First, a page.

“When Helen is a maid again, -"

Dio. Lady, a word ;-I 'll bring you to your father.

Dio. leads out CRES:
Nest. A woman of quick sense."
Ulyss.

Fy, fy upon her!
There 's language in her eye, her cheek, her lip,
Nay, her foot speaks;t her wanton spirits look out
At every joint and motive of her body.5
O, these encounterers, so glib of tongue,
That give a coasting welcome ere it comes,6

She tells him that then he shall have it, -When Helen is a maid

again:

« Cres. I am your debtor, claim it when 'tis due,

Ulyss. Never's my day, and then a kiss for you." But I rather think that Ulysses means to slight her, and that the present reading is right. Fohnson. 4 There's language in her eye, her cheek, her lip,

Nay, her foot speaks ; &c.] One would almost think that Shakspeare had, on this occasion, been reading St. Chrysostom, who says" Non loquuta es lingua, sed loquuta es gressu ; non loquuta es voce, sed oculis loquuta es clarius quam voce;" i. e. “They say no. thing with their mouthes, they speake in their gate, they speake with their eyes, they speake in the carriage of their bodies." I have borrowed this invective against a wanton, as well as the translation of it, from Burton's Anatomy of Melancholy, Part III, Sect. ii, Memb. 2, Subs. 3. Steevens.

5 — motive of her body.) Motive, for part that contributes to motion. Fohnson.

This word is also employed with some singularity, in All's Well that Ends Well:

“ As it hath fated her to be my motive

“ And helper to a husband.” Steevens. 60, these encounterers, so glib of tongue,

That give a coasting welcome ere it comes,] Ere what comes ? As this passage stands, the pronoun it has no antecedent. John. son says, a coasting means an amarous address, courtship, but he has given no example to prove it, or shown how the word can possibly bear that meaning. I have no doubt but we should read:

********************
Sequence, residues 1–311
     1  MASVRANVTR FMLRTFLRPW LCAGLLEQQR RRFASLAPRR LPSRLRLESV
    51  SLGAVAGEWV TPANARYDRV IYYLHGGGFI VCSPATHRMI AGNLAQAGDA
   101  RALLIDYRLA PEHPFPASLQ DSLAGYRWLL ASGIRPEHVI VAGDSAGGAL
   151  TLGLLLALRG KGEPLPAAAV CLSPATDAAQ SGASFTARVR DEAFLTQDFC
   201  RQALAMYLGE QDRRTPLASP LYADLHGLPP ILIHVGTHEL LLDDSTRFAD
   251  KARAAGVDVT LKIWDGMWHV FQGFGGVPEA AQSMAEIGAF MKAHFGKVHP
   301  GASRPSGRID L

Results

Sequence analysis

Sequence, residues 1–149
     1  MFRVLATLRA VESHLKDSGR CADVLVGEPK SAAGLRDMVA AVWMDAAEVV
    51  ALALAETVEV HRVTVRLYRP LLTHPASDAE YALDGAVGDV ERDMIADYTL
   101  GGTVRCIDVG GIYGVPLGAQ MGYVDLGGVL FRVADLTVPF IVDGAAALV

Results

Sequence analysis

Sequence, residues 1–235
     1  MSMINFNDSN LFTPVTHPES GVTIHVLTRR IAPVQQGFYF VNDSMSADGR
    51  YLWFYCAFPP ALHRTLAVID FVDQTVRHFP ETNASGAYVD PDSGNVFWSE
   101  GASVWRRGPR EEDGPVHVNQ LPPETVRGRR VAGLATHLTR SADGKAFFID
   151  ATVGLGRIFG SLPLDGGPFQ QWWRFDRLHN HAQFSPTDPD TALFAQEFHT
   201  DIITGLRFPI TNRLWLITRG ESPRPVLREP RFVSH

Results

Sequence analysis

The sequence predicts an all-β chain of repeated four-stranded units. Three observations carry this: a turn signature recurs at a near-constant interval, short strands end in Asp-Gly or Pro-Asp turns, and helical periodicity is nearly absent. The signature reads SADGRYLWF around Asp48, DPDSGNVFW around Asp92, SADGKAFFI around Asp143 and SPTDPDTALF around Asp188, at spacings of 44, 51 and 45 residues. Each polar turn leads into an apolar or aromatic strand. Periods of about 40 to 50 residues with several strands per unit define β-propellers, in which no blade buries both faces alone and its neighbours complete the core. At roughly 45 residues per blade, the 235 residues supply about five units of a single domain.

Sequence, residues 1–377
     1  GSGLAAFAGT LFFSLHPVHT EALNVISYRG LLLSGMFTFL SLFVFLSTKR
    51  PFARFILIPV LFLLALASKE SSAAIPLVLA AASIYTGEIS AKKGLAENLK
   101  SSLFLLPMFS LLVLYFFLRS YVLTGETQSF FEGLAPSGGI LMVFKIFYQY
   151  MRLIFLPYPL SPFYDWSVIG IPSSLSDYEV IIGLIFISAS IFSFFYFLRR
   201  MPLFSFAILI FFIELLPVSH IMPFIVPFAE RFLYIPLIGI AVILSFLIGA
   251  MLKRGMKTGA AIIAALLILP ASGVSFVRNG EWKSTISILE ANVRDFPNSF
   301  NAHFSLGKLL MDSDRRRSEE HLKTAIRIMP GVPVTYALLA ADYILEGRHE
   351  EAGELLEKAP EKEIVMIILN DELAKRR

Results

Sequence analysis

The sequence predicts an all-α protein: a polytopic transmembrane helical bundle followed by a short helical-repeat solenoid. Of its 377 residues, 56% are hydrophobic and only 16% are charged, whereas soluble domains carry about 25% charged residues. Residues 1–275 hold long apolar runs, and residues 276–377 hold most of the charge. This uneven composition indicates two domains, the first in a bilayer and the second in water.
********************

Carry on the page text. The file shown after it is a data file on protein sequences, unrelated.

And give accosting welcome ere it come. M Mason. Mr. M. Mason's conjecture is plausible and ingenious; and yet, without some hesitation, it cannot be admitted into the text.

A coasting welcome may mean a side-long glance of invitation. Ere it comes, may signify, before such an overture has reached her. Perhaps, therefore, the plain sense of the passage may be, that Cressida is one of those females who throw out their lure, before any like signal has been made to them by our sex.

I always advance with reluctance what I cannot prove by ex. amples; and yet, perhaps, I may be allowed to add, that in some

VOL 211.

And wide unclasp the tables of their thoughts
To every ticklish reader! set them down
For sluttish spoils of opportunity,?
And daughters of the game.

[Trumpet within. All. The Trojans' trumpet. Agam.

Yonder comes the troop. Enter HECTOR, armed; Æneas, TROILUS, and other

Trojans, with Attendants. Æne. Hail, all the state of Greece! what shall be done To him that victory commands ? 8 Or do you purpose, A victor shall be known? will you, the knights Shall to the edge of all extremity Pursue each other; or shall they be divided By any voice or order of the field ? Hector bade ask. Agam.

Which way would Hector have it? Æne. He cares not, he 'll obey conditions. Achil. 'Tis done like Hector; but securely done,

old book of voyages which I have formerly read, I remember that the phrase, a coasting salute, was used to express a salute of guns from a ship passing by a fortified place at which the navigator did not design to stop, though the salute was instantly returned. So, in Othello:

“They do discharge their shot of courtesy;

“Our friends, at least.” Again: